dohashi

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14 years, 348 days
I am a Senior Software Developer in the Kernel Group, working on the Maple language interpreter. I have been working at Maplesoft since 2001 on many aspects of the Kernel, however recently I have been focusing on enabling parallel programming in Maple. I have added various parallel programming tools to Maple, and have been trying to teaching parallel programming techniques to Maple programmers. I have a Master's degree in Mathematics (although really Computer Science) from the University of Waterloo. My research focused on Algorithm and Data Structure, Design and Analysis.

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These are Posts that have been published by dohashi

Atomic operations are CPU instructions that are guaranteed to execute in a single CPU cycle. This means that the operation is guaranteed to complete without being interrupted by the actions of another thread. Although this may not sound too exciting, careful programming using these instructions can lead to algorithms and data structures that can be used in parallel without needing locks. Maple currently does not support atomic operations, however they are an interesting tool and are used in the kernel to help improve Maple's parallelism in general.

I recieved this comment on an older post of mine, and I was going to post a reply, but I noticed my reply was pretty long, and I was also missing a post for last friday, so I figured I'd cheat and make the reply a blog post of its own.

In this post I'll take a closer look at the ways in which Maple code can be thread unsafe. If you have not already seen my post on Thread Safety, consider reading that post first. As a brief review, a procedure is thread safe if it works correctly when run in parallel.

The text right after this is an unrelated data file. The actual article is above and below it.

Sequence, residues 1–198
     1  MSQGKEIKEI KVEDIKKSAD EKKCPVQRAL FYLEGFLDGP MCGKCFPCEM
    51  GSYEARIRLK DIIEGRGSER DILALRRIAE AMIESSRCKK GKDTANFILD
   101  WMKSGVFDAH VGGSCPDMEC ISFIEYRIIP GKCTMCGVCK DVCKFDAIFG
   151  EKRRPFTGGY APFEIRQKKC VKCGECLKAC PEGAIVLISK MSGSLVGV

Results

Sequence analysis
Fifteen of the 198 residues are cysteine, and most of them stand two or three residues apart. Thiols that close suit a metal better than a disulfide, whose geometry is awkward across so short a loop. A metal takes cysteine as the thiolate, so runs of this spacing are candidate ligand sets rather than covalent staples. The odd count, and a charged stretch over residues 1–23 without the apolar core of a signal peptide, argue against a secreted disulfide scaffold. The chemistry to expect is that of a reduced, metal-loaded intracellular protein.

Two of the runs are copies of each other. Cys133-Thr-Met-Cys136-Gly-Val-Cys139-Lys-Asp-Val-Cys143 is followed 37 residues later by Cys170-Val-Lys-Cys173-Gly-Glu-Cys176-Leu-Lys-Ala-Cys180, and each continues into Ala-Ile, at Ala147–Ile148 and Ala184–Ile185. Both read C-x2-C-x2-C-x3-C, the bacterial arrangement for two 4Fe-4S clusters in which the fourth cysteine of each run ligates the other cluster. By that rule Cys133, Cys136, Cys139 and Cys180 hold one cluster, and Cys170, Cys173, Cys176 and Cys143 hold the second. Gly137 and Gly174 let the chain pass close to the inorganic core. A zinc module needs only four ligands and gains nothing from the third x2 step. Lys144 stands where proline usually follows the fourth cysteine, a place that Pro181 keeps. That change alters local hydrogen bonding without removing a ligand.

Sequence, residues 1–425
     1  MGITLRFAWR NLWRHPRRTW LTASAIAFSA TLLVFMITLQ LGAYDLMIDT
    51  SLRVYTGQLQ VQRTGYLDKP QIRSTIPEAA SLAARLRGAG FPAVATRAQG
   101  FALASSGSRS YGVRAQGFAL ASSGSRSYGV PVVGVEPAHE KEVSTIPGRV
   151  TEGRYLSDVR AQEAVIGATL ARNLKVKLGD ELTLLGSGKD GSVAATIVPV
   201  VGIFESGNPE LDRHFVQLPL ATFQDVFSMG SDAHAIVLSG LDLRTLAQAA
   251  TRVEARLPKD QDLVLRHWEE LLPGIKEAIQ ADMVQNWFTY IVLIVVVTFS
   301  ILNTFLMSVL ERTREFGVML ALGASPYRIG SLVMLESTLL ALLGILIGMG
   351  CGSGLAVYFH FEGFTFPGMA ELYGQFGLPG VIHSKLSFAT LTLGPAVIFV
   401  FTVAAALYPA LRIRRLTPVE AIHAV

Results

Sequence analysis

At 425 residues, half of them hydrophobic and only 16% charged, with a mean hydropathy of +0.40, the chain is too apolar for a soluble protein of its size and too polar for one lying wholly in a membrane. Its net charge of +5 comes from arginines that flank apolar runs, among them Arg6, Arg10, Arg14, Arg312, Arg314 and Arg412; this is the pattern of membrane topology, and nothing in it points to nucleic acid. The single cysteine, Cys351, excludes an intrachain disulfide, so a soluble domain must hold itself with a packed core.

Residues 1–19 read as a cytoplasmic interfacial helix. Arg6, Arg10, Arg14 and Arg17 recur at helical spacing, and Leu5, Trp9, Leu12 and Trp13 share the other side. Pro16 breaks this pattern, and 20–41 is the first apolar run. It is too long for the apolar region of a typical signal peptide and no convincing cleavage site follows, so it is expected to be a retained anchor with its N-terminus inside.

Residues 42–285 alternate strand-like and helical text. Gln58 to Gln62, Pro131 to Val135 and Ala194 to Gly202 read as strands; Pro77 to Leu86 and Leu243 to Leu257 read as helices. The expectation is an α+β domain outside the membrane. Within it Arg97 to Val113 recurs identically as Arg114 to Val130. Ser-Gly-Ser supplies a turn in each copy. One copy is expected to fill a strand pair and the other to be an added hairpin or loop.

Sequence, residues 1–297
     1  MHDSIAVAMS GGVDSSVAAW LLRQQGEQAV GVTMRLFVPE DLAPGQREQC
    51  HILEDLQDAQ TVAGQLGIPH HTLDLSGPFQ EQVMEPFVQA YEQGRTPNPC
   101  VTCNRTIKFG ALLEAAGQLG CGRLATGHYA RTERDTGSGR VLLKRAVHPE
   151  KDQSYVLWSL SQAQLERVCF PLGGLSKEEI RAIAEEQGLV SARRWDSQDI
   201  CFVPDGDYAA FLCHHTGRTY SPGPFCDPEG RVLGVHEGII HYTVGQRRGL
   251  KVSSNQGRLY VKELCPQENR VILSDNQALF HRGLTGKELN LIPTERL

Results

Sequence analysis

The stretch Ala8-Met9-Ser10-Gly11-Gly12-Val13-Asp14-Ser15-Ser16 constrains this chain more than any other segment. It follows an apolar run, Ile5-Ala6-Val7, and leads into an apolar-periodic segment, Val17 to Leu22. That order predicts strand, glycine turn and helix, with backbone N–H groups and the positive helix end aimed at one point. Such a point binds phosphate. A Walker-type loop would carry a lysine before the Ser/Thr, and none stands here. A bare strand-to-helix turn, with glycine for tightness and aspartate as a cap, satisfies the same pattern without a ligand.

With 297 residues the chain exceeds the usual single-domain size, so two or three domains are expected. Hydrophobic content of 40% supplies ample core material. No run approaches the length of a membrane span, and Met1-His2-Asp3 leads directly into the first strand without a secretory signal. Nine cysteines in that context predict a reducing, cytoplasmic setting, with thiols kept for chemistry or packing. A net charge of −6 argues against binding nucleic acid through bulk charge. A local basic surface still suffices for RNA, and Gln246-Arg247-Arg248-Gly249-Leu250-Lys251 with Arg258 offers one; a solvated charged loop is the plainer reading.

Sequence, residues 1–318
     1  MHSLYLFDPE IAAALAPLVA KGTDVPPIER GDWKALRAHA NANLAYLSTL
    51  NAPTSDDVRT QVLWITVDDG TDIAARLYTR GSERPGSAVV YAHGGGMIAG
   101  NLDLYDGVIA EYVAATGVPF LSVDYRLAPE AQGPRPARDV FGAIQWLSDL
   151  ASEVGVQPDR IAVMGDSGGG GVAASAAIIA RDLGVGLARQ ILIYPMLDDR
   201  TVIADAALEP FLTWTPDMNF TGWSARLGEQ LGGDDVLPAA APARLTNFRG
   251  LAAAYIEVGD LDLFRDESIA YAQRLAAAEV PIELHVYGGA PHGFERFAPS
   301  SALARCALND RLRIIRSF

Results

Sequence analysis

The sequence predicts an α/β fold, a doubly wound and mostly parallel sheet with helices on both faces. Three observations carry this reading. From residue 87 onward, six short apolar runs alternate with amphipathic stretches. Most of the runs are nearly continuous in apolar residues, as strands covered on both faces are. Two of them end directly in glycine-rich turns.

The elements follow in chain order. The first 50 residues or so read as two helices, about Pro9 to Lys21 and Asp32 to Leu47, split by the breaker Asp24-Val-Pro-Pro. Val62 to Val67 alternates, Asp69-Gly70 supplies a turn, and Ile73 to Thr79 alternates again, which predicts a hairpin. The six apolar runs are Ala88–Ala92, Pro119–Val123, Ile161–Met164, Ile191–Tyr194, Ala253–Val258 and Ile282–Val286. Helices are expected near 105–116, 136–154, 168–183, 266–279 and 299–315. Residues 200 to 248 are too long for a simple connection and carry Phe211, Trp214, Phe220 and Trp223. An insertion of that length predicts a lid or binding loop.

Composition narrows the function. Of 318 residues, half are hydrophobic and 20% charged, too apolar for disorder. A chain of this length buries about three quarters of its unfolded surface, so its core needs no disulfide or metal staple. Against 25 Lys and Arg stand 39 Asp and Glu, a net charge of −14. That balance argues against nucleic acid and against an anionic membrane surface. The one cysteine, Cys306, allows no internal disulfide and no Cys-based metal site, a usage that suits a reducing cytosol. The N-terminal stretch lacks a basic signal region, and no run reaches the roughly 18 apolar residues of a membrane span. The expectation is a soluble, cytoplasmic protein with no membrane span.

The most obvious way in which procedures can be thread unsafe is if they share data without synchronizing access (using a Mutex, for example). So how can two threads share data?

I am going to wander away from parallel programming in Maple, to talk about GPU programming. However I will show an example of connecting Maple to a CUDA accelerated external library, so that's close enough.  This post is not intended to be a tutorial on CUDA or OpenCL programming, but an introduction to how the technology works.

I'd like to start by thanking all those readers who left feedback on my last post. It was good hear that most of you enjoy reading my posts and that they are generally helpful. I would like to encourage you to continue posting feedback, especially questions or comments about anything that I fail to explain sufficiently.

The following is a discussion of the limitations of parallel programming in Maple. These are the issues that we are aware of and are hoping to fix in future releases.

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